It's a reminder that while Trump almost certainly wants to be president, he also remains committed to his lucrative business enterprise. What he may not fully appreciate, however, is the degree to which one is affecting the other. The New York Times ran an interesting report overnight on some of the many people who suddenly want nothing to do with Trump's "brand."
At three large rental buildings emblazoned with gold letters spelling out T-R-U-M-P P-L-A-C-E on the Upper West Side, the lobby rain mats embossed with the same name are being replaced, tenants say. The new versions, they have been told, will proclaim the buildings' addresses, 140, 160 or 180 Riverside Boulevard.

At the same buildings, they say, the doormen and concierges have been measured for new uniforms that will no longer carry the Trump name. And 300 people, most of them tenants, have signed an online petition titled "Dump the TRUMP Name" in less than 10 days.
The article noted that Trump, throughout his career, has boasted that slapping his name on a building increases its value, apparently because consumers are supposed to associate "Trump" with luxury and high quality. But it's not exactly a secret that his presidential campaign has changed public perceptions about the New York Republican, and for many, his name is now more closely associated with misogyny and ethno-nationalism.

And as a consequence, the Trump "brand" is not only taking a severe hit; it may never be the same.
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Monday's Mini-Report, 10.24.16

10/24/16 05:30PM

Today's edition of quick hits:

* ISIS: "America and its allies have launched more airstrikes against ISIS in the past week than at any other time in its ongoing fight against the extremists, according to President Barack Obama's counter-ISIS envoy."

* Iraq: "U.S. Defense Secretary Ash Carter's push for Iraq to let Turkey play a role in the Mosul battle encountered resistance Saturday from Iraq's prime minister, who said his country's forces will oust Islamic State the militants from the northern city."

* Pennsylvania: "Former Pennsylvania Attorney General Kathleen Kane was sentenced Monday to 10 to 23 months in jail for orchestrating an illegal news leak to damage a political enemy, capping a spectacular downfall for a woman who three years ago was seen as one of the state's fastest-rising stars."

* France "on Monday began clearing out the gritty, squalid migrant camp in Calais known as 'The Jungle' as refugees waited in long lines to be processed and bused to reception centers across the country."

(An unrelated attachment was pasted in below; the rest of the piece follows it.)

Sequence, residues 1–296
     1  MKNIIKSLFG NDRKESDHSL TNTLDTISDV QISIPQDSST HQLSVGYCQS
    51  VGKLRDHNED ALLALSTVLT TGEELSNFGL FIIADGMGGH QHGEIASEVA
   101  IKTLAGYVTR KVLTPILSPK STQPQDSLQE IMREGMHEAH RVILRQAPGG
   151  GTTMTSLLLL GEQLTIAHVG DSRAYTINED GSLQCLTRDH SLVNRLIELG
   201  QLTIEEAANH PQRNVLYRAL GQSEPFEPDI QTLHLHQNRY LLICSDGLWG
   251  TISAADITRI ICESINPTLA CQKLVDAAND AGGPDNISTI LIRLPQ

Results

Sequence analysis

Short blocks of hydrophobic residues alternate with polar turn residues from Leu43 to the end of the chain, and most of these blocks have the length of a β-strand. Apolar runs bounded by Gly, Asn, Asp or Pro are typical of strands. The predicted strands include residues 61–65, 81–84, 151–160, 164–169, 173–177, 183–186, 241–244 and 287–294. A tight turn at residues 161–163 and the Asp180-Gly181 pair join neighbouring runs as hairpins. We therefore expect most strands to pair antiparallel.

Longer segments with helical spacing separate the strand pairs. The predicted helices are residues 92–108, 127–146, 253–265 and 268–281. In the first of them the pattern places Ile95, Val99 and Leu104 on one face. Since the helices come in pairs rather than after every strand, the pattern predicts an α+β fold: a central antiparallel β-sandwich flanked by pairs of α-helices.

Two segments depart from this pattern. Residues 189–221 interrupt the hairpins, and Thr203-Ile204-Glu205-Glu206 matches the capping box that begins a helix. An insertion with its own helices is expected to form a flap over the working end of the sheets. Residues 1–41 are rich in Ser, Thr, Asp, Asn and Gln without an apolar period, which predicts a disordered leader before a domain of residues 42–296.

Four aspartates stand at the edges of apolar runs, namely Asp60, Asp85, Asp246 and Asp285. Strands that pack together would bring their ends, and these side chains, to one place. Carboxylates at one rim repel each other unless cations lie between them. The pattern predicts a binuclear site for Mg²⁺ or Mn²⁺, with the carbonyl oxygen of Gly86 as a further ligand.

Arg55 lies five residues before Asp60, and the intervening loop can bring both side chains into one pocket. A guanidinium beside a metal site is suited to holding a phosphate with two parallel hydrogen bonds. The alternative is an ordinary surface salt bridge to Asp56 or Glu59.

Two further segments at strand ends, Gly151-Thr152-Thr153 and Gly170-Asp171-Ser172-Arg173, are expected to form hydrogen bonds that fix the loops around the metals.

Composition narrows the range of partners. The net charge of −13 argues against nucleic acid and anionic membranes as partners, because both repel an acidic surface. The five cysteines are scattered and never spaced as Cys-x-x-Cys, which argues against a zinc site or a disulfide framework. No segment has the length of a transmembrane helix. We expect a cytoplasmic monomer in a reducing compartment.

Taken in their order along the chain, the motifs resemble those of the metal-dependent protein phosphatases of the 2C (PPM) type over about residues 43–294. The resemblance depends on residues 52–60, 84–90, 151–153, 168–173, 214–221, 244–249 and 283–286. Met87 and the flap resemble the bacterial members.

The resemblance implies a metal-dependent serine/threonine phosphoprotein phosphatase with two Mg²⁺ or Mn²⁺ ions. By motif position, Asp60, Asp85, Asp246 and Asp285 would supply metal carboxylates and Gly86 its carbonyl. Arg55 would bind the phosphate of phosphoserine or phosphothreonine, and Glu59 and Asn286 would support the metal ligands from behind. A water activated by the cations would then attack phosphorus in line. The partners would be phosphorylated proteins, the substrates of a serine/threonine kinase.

* Cold War: "Russian authorities have stepped up nuclear-war survival measures amid a showdown with Washington, dusting off Soviet-era civil-defense plans and upgrading bomb shelters in the biggest cities. At the Kremlin's Ministry of Emergency Situations, the Cold War is back."
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U.S. House Speaker Paul Ryan, a Republican from Wisconsin, meets with members of the media at the U.S. Capitol in Washington, D.C., May 25, 2016. (Photo by Andrew Harrer/Bloomberg/Getty)

Paul Ryan: Dem Party 'run by Bernie Sanders and Elizabeth Warren'

10/24/16 04:22PM

Though Election Day is still a couple of weeks away, and unpredictable things may yet happen, polling gives a reasonably good sense of what's likely to happen. And with that in mind, it's reasonable to think Hillary Clinton will be president next year, hoping to get something done by a Republican-run House led by Speaker Paul Ryan.

Ryan, however, is already sounding pessimistic notes about governing opportunities. The Wall Street Journal had an interesting report on the House Speaker's perspective the other day.
Mr. Ryan tried to work out a corporate-tax-reform-for-infrastructure trade with Sen. Chuck Schumer, which he says failed because the Democratic Party is now "run by Bernie Sanders and Elizabeth Warren. This is not a party run by Alice Rivlin and Erskine Bowles. There aren't 1990s Democrats in this party anymore." He isn't optimistic about an emergence of a pragmatic Hillary that some like to imagine.
Let's note at the outset that tax reform failed, not because of Democratic extremism, but because Republicans walked away from the table, unwilling to accept a compromise.